UCLAscientists have discovered how chronic exposure to low levels of carbonmonoxide (CO) damages the inner ear of young rats, resulting in permanenthearing loss. At the Cal/OSHA's exposure limit of0.0025 percent — or 25 parts per million CO in the air — the gas creates oxidative stress, a condition that damages thecochlear cells, leading to impairment of the auditory nerves.
Tobaccosmoke, gas heaters, stoves and ovens all emit CO,which can rise to high concentrations in poorly ventilated homes. Infantsand children are particularly vulnerable to CO exposure because they spend agreat deal of time in the home. No policies exist to regulate CO in the home.Most commercial home monitors sound an alarm only 20 minutes after CO concentrationsreaches 70 parts per million — nearly three times the 25 parts per millionlimit set by Cal/OSHA.
Thisis the first time that inhaled CO has been linked to oxidative stress, a knownrisk factor in many disorders, including Alzheimer's disease, Parkinson's disease, multiple sclerosis, Lou Gherig's disease andcardiovascular disease. Tobacco smoke, which contains CO, aggravates many ofthese diseases. The UCLA findings highlight the need for policy-makersto reexamine the regulation of car exhaust, tobacco smoke, smog, and heatingand cooking appliances.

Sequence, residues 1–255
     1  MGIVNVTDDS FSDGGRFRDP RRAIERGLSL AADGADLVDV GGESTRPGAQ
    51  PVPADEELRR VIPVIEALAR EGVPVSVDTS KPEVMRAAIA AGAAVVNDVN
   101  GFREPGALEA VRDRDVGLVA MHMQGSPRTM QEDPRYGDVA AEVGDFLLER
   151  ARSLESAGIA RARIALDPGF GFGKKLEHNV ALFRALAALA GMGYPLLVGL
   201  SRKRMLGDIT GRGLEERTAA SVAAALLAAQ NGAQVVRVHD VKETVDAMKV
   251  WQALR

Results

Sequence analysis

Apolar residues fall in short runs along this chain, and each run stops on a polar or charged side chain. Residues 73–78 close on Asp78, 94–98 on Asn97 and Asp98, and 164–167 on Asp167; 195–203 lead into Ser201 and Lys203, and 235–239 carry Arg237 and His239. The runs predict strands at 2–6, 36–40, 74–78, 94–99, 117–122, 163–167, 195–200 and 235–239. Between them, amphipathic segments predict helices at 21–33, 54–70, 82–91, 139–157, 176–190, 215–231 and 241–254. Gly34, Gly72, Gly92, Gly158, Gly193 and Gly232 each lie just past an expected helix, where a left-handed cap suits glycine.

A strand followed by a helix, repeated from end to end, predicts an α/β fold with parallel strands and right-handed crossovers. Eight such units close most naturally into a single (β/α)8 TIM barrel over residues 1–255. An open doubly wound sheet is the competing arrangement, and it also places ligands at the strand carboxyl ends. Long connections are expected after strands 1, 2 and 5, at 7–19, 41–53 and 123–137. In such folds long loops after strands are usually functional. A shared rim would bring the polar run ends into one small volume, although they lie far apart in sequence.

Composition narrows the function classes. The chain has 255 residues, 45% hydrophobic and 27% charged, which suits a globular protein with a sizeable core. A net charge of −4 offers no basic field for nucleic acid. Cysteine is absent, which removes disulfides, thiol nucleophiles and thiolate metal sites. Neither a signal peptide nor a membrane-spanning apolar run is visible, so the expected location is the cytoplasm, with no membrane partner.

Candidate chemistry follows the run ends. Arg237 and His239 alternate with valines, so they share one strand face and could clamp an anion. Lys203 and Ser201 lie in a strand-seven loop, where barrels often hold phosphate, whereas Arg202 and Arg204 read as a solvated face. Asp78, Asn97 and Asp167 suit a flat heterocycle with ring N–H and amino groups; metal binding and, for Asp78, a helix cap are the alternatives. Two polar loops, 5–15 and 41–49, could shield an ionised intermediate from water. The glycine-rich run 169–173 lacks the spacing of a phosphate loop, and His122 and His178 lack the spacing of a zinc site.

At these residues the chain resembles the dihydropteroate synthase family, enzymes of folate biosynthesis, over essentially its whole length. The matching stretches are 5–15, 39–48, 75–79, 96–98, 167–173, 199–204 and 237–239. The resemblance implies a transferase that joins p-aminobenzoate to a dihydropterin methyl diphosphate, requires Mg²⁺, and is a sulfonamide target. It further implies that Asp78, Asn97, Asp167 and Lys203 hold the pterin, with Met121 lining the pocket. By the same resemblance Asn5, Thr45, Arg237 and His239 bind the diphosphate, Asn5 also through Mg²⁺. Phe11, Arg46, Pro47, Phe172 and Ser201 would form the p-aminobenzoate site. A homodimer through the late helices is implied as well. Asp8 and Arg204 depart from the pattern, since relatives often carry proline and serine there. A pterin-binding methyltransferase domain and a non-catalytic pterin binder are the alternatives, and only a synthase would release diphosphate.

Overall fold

JohnEdmond, professor of biological chemistry; Ivan Lopez, assistant professor ofhead and neck surgery; and Douglas Webber, postdoctoral fellow; at the DavidGeffen School of Medicine at UCLA, are available for interviews.
The research appears in theJune 1 issue of the Journal of Neuroscience Research.
TheUniversity of California's Tobacco-related Disease Research Program and theStein-Oppenheimer Foundation.